Roger's father Roger de Montgomery died in 1094.

In 1094 Rufus sent Roger to hold the castle at Argentan in Normandy, but Roger surrendered it to Philip I of France on the first day of the siege; Roger and his men were held for ransom and purchased their freedom.[5] Though Philip I was an ally of Curthose, it is thought that this action was less a betrayal of Rufus and more a result of Roger's dual vassalage between the King of England and the King of France.[1] Roger did not lose his English lands as a result of this action but held no position in Rufus' government from this point.[6] Roger continued to be loyal to Rufus but in 1102 joined his brothers' failed rebellion against Henry I of England in favor of Robert Curthose. As a result Roger de Poitou lost his English holdings. The King put those in Craven into the governance of Robert de Romille.[7]

Roger then went to his wife's holdings in Poitou. Almodis's uncle Odo was ousted as count of La Marche in 1104, and subsequently the sons of Roger and Almodis are styled as count. In 1109, Roger was permitted to briefly return to England to the court of Henry I,[1] though he did not recover his earlier English holdings. After ca. 1109, Roger appears to have either lost interest in governing in La Marche, or lost the political power itself as he is only seen once in the documents of La Marche as his wife and sons held the authority in the region.

Sources

  • Le Prévost, A. (1845) Orderici Vitalis Historiæ Ecclesiasticæ (Paris) ("Orderic Vitalis (Prévost)"), Vol. II, Liber V, XIII, p. 412.
  • Roper, W. R. (ed.) (1892) Materials for the History of the Church of Lancaster (Chetham Society), Vol. I, p. 8.
  • CP XI 687 footnote d.
  • Uzerche, 83, p. 125.
  • Chronicon sancti Maxentii Pictavensis, Chroniques des Eglises d'Anjou, p. 410.
  • Charroux XV, p. 112.
  • Uzerche, 98, p. 133.
  • Uzerche, 99, p. 134.
  • Uzerche, 83, p. 125.
  • Charroux XXXIII, p. 138.
  • Roper (1892), Vol. I, p. 8.
  • Uzerche, 99, p. 134.
  • Charroux XXXIII, p. 138.
  • Chronicon sancti Maxentii Pictavensis, Chroniques des Eglises d'Anjou, p. 410.
  • Tulle Saint-Martin 351, p. 205.
  • Ex Chronico Gaufredi Vosiensis, 70, RHGF XII, p. 447.
  • Ex Chronico Gaufredi Vosiensis, 70, RHGF XII, p. 447.
  • Historiæ Anglicanæ Scriptores X (1652), Radulphus de Diceto, Abbreviationes Chronicorum, col. 515.
  • Röhricht, R. (ed.) (1893) Regesta Regni Hierosolymitani (Oeniponti) 572, p. 152.
  • Berger, E. (ed.) (1920) Recueil des actes de Henri II roi d’Angleterre et duc de Normandie (Paris) ("Actes Henri II"), Tome II, DCCXXXIII, p. 360.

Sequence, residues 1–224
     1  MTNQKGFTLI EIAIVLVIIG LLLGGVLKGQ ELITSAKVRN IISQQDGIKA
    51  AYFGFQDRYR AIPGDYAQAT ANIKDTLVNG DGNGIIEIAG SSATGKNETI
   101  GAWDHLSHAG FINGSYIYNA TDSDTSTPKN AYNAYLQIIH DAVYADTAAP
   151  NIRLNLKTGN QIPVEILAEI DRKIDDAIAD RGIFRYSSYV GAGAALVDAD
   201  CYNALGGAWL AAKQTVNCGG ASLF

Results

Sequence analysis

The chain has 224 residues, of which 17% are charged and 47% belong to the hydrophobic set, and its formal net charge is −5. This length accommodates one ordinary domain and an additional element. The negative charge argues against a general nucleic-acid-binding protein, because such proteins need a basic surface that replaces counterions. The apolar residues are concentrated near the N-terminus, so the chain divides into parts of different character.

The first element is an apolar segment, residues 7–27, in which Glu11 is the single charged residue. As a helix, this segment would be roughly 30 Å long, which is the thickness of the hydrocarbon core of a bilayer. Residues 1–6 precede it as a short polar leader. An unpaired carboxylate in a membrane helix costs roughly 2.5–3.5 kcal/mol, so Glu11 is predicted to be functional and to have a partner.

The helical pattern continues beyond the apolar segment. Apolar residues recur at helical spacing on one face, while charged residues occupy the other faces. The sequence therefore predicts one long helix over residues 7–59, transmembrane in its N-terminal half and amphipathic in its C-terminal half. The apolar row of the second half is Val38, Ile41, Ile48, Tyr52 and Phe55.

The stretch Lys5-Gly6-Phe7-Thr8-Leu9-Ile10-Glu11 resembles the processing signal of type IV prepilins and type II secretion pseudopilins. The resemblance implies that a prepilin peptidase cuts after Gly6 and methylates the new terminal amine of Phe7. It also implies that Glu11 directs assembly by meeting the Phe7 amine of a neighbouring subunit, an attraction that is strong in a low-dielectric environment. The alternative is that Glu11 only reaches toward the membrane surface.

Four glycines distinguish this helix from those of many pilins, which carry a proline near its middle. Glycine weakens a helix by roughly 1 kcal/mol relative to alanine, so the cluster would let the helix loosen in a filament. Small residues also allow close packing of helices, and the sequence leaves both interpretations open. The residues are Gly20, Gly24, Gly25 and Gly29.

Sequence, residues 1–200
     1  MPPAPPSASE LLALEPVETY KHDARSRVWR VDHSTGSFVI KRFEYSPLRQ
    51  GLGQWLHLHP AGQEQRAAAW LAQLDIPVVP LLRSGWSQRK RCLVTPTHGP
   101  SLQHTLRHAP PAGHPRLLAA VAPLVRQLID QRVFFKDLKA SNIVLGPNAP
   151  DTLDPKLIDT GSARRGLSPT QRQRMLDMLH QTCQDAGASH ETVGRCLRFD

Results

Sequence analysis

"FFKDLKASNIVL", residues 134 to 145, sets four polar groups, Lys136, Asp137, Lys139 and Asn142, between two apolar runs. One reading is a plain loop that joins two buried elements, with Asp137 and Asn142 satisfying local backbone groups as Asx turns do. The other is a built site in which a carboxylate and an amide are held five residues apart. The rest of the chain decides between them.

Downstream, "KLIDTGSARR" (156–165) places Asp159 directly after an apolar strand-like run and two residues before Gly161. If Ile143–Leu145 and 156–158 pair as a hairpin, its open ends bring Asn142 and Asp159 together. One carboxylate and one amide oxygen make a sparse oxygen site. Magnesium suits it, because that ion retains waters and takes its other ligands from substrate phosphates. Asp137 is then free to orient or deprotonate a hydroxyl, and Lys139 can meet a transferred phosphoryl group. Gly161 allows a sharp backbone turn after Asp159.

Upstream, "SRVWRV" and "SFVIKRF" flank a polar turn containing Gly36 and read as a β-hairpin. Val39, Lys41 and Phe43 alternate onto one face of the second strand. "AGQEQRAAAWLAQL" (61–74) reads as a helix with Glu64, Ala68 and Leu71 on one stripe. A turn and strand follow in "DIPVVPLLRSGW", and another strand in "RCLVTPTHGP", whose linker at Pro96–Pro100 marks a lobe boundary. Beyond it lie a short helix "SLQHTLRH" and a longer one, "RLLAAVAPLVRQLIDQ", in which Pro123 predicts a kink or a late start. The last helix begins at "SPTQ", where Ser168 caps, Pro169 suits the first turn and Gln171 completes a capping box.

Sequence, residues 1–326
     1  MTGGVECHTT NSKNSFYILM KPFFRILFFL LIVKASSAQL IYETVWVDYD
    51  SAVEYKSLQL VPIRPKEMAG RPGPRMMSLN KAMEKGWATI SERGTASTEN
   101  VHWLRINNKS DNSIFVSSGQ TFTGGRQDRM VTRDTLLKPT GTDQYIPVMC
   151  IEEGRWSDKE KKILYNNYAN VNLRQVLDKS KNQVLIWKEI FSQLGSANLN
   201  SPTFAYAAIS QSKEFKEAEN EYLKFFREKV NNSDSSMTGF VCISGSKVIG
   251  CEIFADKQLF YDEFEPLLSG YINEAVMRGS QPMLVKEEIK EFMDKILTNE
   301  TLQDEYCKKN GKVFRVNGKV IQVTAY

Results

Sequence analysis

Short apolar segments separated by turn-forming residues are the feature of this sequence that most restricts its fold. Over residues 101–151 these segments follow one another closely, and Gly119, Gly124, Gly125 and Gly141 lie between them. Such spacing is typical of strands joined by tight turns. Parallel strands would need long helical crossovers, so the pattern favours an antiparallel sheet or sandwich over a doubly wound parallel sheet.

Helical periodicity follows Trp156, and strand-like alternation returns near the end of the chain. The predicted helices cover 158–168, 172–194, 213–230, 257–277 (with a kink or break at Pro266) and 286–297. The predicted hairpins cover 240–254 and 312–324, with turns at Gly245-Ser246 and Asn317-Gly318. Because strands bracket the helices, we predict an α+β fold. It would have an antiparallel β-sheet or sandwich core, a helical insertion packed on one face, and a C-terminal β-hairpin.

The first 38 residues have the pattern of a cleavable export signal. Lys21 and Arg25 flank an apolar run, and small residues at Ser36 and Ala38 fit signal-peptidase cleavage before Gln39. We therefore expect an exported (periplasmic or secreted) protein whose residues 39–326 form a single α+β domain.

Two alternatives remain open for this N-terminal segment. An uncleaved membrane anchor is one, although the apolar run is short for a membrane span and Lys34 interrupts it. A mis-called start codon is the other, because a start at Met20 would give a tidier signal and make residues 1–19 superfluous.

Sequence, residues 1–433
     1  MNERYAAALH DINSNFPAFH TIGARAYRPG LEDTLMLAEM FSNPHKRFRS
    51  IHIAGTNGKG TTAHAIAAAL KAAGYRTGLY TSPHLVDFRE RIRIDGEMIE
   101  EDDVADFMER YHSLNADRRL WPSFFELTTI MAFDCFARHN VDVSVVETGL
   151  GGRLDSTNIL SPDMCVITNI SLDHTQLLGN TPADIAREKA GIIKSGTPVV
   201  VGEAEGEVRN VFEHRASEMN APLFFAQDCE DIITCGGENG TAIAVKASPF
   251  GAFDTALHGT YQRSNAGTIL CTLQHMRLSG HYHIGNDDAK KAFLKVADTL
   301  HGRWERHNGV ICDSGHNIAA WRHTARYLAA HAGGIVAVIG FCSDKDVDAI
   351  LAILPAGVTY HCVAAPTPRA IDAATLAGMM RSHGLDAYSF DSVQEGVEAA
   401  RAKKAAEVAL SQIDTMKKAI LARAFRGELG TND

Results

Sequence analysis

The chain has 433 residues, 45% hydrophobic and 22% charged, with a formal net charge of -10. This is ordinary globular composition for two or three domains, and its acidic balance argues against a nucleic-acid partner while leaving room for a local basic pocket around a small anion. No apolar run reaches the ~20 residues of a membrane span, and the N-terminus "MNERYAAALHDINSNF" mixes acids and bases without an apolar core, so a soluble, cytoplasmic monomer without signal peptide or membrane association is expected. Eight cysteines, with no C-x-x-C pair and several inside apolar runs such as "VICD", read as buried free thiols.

• Duplès-Agier, H. (ed.) (1874) Chroniques de Saint-Martial de Limoges (Paris) Chronicon Bernardi Iterii, p. 59.
  • Ex Chronico Gaufredi Vosiensis, 72, RHGF XII, p. 448.
  • Varia Chronicorum Fragmenta, Chroniques de Saint-Martial de Limoges, p. 188.
  • Leroux, A., Molinier, E, and Thomas, A. (1883) Documents Historiques bas-latins, provençaux et français concernant principalement La Marche et Le Limousin (Limoges) Obituaire de Saint-Marcial, p. 75.
  • Chroniques de Saint-Martial de Limoges, Varia Chronicorum Fragmenta, p. 189.
  • Ex Chronico Gaufredi Vosiensis, 70, RHGF XII, p. 447.
  • Charroux XLV, p. 160.
  • Ex Chronico Gaufredi Vosiensis, 70, RHGF XII, p. 446.
  • Chroniques de Saint-Martial de Limoges, Varia Chronicorum Fragmenta, p. 188.
  • Ex Chronico Gaufredi Vosiensis, 47, RHGF XII, p. 434.
  • Uzerche, 98, p. 133.
  • Charroux XXXIII, p. 138.
  • Senneville, G. de (ed.) (1900) Cartulaires des prieurés d’Aureil et de l’Artige, Bulletin de la société archéologique et historique du Limousin, Tome XLVIII (Limoges), Aureil, ("Aureil"), CCCXXV, p. 238.
  • Tulle 351, p. 205.
  • Historia Pontificum et Comitum Engolismensis, XXXVI, p. 56.
  • CP I Appendix I, p. 763, quoting Cartulary of Darley, Cotton MSS, Titus, C 9 f. 116 v.
  • CP I Appendix I, p. 762.
  • Keats-Rohan, K. S. B. (2002) Domesday Descendants: A Prosopography of Persons Occurring in English Documents 1066-1166. II. Pipe Rolls to Cartæ Baronum (Boydell) (“Domesday Descendants”), p. 603.
  • Domesday Descendants, p. 603.
  • Chandler, Victoria (1989) "The Last of the Montgomerys: Roger the Poitevin and Arnulf", in Historical Research, 62 (1989) p. 1-14
  • Lewis, C. P. (1989) "The King and Eye: a Study in Anglo-Norman Politics", English Historical Review, 104 (1989) p. 569-87
  • Cokayne, G. E. (date?) Complete Peerage of England Scotland Ireland Great Britain and the United Kingdom; pp. IV & Appendix I, pp. 762–5
  • Please see Darrell Wolcott: Welsh Origins of the Peverel Family; http://www.ancientwalesstudies.org/id50.html. (Steven Ferry, April 15, 2020.)